October 17, 2016

Donald Trump to Tour KSC Next Week (Source: Florida Today)
Republican presidential nominee Donald Trump plans to tour Kennedy Space Center next Monday, Oct. 24. The schedule, whose details are still being worked out, anticipates Trump flying into KSC's former space shuttle runway, touring the spaceport and talking with industry representatives in a roundtable discussion hosted by the Economic Development Commission of Florida's Space Coast and Space Florida, the EDC confirmed.

“Since 2008, the Economic Development Commission of Florida’s Space Coast has led the way to educate presidential candidates regarding the need to support critical aerospace programs to keep the United States competitive and viable,” said Lynda Weatherman, organization's president and CEO. “We are pleased Mr. Trump has accepted our invitation to participate in this industry roundtable and are hopeful the Clinton campaign will follow suit.”

The visit would be Trump's second to the Space Coast in a month, following a Sept. 27 rally that drew 8,500 people to the AeroMod International aircraft hangar at Orlando Melbourne International Airport. That event included no mention of the space program or Trump's space policy positions. In limited remarks to date, Trump has called NASA "wonderful" and referred to the space program as one worthy of "a Third World nation." (10/17)

Business Opportunities Expo Planned for Spaceport on Oct. 25 (Source: KSC)
The NASA Kennedy Space Center Business Opportunities Expo 2016 is sponsored by the NASA KSC Prime Contractor Board, 45th Space Wing, and Canaveral Port Authority, and features approximately 150 business and government exhibitors. Click here. (10/17)

China Launches Crewed Mission With Monthlong Visit to Orbiting Lab (Source: Space News)
China successfully launched its first human spaceflight mission in more than three years Sunday night. A Long March 2F rocket lifted off from the Jiuquan Satellite Launch Center at 7:30 p.m. Eastern and placed the Shenzhou-11 spacecraft into orbit. On board Shenzhou-11 are Jing Haipeng and Chen Dong, named as the crew less than 24 hours before the launch. They will dock with the Tiangong-2 module for a 30-day mission, part of a long-term Chinese effort to develop its own space station. (10/16)

European Lander Separates From Orbiter, Ready for Mars Descent (Source: BBC)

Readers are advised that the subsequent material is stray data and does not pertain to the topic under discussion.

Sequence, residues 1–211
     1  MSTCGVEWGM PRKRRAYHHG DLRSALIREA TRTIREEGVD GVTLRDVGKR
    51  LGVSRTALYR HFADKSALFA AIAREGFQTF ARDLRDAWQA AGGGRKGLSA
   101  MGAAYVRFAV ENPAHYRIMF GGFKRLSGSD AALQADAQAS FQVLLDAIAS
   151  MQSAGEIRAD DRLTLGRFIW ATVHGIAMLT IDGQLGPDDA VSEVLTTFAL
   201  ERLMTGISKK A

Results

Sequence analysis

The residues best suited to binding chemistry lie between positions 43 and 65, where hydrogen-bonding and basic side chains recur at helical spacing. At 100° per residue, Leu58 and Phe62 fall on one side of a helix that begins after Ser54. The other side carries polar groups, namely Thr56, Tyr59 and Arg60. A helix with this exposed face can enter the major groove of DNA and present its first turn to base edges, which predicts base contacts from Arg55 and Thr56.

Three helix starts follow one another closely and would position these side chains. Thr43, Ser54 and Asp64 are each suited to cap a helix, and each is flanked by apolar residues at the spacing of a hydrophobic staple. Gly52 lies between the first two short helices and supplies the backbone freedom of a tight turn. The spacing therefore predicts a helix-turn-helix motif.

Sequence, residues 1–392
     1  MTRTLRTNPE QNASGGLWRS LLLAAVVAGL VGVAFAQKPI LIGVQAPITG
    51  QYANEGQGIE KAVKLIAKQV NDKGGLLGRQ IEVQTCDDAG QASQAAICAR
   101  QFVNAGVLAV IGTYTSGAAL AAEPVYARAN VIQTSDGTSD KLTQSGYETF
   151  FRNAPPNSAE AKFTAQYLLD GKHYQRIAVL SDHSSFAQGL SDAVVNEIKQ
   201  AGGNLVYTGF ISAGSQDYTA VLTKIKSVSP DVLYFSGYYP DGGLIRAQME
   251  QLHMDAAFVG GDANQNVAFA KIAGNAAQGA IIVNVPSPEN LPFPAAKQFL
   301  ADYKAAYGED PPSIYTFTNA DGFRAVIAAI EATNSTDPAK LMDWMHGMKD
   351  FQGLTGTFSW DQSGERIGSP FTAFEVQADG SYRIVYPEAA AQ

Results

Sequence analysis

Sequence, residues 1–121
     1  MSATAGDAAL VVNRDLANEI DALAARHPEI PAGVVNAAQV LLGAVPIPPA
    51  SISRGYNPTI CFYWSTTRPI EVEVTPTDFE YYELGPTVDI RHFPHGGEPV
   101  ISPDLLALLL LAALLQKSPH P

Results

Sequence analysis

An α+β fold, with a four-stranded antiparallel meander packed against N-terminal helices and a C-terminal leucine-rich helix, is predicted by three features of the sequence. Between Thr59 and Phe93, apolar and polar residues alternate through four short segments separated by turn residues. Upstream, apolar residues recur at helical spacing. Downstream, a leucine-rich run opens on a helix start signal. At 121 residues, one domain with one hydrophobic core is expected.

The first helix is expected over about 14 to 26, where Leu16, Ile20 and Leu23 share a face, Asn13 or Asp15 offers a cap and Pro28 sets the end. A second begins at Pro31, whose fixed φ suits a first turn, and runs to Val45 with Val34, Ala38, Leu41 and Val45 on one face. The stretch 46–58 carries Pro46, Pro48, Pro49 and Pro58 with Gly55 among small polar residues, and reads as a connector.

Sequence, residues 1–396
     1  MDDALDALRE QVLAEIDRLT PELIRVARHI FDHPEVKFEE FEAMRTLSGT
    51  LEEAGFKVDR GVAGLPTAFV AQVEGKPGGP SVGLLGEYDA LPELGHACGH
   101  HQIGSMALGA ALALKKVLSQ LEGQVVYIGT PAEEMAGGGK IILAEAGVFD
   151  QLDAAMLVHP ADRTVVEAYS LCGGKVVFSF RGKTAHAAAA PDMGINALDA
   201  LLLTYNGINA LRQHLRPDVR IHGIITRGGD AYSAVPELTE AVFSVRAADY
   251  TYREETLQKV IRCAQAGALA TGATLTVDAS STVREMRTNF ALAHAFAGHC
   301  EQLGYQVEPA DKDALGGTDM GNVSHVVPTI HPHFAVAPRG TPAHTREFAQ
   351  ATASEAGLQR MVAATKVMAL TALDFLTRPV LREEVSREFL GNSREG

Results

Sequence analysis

A European lander separated from its Mars-bound orbiter spacecraft Sunday. The Schiaparelli lander separated as planned at 10:42 a.m. Eastern from the Trace Gas Orbiter spacecraft, although it took longer than expected to regain telemetry from the orbiter after separation. The orbiter completed a maneuver late Sunday to prepare for going into orbit around the planet Wednesday. Schiaparelli, a technology demonstration mission intended to support a 2020 rover mission, will attempt a landing on Wednesday. The two spacecraft together represent the ExoMars 2016 mission. (10/16)

Helium Issue Temporarily Keeps Juno in Raised Orbit Over Jupiter (Source: NASA JPL)
NASA is postponing a orbital maneuver by its Juno spacecraft at Jupiter. Juno was scheduled to fire its engine Oct. 19 during a close flyby of Jupiter to lower itself into a 14-day orbit that will be used for the spacecraft's prime science mission. Two helium valves did not open as quickly as expected during preparations for the burn Thursday, leading project managers to postpone the maneuver until no earlier than the next close flyby in December. Juno, which arrived at Jupiter in July, is currently in a 53-day orbit. That longer orbit does not affect the science Juno can perform, but limits the amount of data it can collect in a given period of time. (10/14)

Light Modulation From 234 Stars Suggests Alien Civilizations (Source: New Scientist)
A claim by astronomers that they have discovered alien signals from 234 stars is being treated skeptically by their colleagues. In a paper submitted last week, astronomers at Laval University in Quebec analyzing data from the Sloan Digital Sky Survey said they found modulation in the light coming from 234 stars, which they argue are pulses being sent by alien civilizations around those stars. Other astronomers believe the "pulses" may simply be data analysis errors, and criticized them for jumping to conclusions without considering other causes for the pulses. (10/14)

Musk Says Sabotage Unlikely Cause of Explosion, But Still a Worry (Source: Space News)
Statements attributed to SpaceX founder Elon Musk suggest he remains concerned that Falcon 9 rocket operations are vulnerable to attack by “a long list” of SpaceX adversaries even if it’s unlikely that such an event was behind the Sep. 1 explosion during preparations of a static fire test.

In comments leaked just hours after a Musk presentation Oct. 13 to the U.S. National Reconnaissance Office (NRO), Musk also said “a leading theory” for the Sep. 1 failure is the formation of solid oxygen on the carbon composite overwrapped pressure vessel (COPV) — the helium reservoir that is immersed in the liquid oxygen tank on the Falcon 9’s second stage. (10/17)

Why Elon Musk's Mars Vision Needs 'Some Real Imagination' (Source: Bloomberg)
When Elon Musk introduced earthlings last month to his vision for cities on Mars, his 90-minute remarks fired up imaginations everywhere—except on Mars. For now. Kim Stanley Robinson has done as much as anyone to bring the idea of colonizing Mars into the mainstream. The writer entwined knowledge, reasoning, and imagination into his landmark Mars trilogy—Red Mars (1992), Green Mars (1993), and Blue Mars (1996).

And to Robinson, Musk's Martian future looks a lot like other people's familiar past.
"Musk’s plan," he said, "is sort of the 1920s science-fiction cliché of the boy who builds a rocket to the moon in his back yard." Click here. (10/17)

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